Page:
I keep a file of “fieldnotes” (the anthropologist’s source of data) that are really just random ideas that occur to me in the writing that goes alongside this project. Usually, I date them and give the time and place in which they occurred to me. Here’s today’s, as well as a thought about this practice I have of locating my inspirations in time and space:
October 26, 2014, Twin Springs Road – time and the anthropocene; theory and placement
It’s 5:22am Sunday morning. We are heading for the midpoint between Equinox and Solstice that is Halloween on this planet—at least, in those parts that consider this cosmological point in those terms—rounding its sun, hurtling through the cosmos. It’s unseasonably warm (meaning it will be in the 60s today, though it is a clear and quiet and dark 32F right now, perfect writing time and weather). Good morning!
[The above is written as a placing, contextualizing introduction to what comes after this, but in the meantime, something else intervenes, another thought climbs on top of this one and asks for attention: is my desire to date and name and place the things I write in this document an attempt to locate and specify my “theory” in response to the de-specifying, de-contextualizing mode of “theory” and of deep time imaginations? Is my determination that these little sparks of thinking be placed and remembered as arising in moments along the linear path toward the book I am now writing a demand on myself to remember one place among billions in one moment among an infinite number? It might be that I am trying to provincialize all the Big Objects—species, humanness, ontology, time, space—that are at the center of my project but that my training insists come from somewhere, need to be placed and given specificity, located in their temporal, racialized, spatial, gendered, intimate, affective moments. This is the other kind of work that “context” does or can do].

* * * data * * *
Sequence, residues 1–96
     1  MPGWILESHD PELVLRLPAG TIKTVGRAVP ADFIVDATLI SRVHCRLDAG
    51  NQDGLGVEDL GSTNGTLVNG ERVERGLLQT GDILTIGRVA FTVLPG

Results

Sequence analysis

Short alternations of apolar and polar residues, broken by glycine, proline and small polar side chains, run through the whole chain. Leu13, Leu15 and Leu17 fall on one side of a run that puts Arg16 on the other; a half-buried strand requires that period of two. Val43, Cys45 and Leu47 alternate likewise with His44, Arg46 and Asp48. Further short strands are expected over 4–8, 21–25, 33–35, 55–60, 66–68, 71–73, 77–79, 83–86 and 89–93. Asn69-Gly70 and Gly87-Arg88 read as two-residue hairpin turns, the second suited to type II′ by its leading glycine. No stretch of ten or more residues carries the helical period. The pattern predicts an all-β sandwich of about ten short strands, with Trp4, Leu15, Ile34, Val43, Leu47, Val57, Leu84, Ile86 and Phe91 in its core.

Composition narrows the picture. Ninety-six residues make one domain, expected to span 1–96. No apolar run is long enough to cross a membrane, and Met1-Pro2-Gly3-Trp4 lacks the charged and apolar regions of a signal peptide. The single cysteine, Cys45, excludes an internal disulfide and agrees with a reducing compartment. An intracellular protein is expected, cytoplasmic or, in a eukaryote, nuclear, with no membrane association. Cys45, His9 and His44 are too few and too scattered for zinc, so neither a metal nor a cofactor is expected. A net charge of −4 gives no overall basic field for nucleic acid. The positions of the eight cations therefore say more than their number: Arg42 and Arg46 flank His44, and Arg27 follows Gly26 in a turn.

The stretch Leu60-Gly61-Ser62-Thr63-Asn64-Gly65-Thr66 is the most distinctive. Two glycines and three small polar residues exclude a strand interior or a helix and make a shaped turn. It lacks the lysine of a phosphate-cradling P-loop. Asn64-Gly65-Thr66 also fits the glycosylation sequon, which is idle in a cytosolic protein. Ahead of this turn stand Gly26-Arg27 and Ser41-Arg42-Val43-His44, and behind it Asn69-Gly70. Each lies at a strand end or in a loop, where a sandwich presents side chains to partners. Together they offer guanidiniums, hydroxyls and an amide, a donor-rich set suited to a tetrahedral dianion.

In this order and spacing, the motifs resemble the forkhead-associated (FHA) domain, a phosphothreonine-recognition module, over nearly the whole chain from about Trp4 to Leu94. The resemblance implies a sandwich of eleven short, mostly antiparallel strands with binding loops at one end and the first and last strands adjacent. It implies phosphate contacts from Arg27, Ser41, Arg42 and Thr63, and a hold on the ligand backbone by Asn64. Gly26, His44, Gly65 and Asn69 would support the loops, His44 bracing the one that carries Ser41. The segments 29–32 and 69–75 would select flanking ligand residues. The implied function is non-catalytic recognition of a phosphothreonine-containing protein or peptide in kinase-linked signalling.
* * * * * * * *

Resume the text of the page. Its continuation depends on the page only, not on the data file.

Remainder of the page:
Anyway, here’s the original thought that got me to open this up: if the spatial turn in social theory is a response to the “end of history” proclaimed by Latour and others, then thinking through the anthropocene is a reintroduction of time to social theory in a new way. The “anthropocene” is anticipatory — that is, it names a series of events and developments in a period of human time that we imagine may one day be seen in the geological record. The nomination of a new geological era imagines a future in which our present is a deep past, puzzled over by future geologists or exo-geologists. It is, in short, as invested in an imagination of deep future time as are the deep time frames of space settlement advocates. End of Deep Thought.
Now, on a different time scale and in response to a different set of arrangements altogether, I have to go and write letters of recommendation.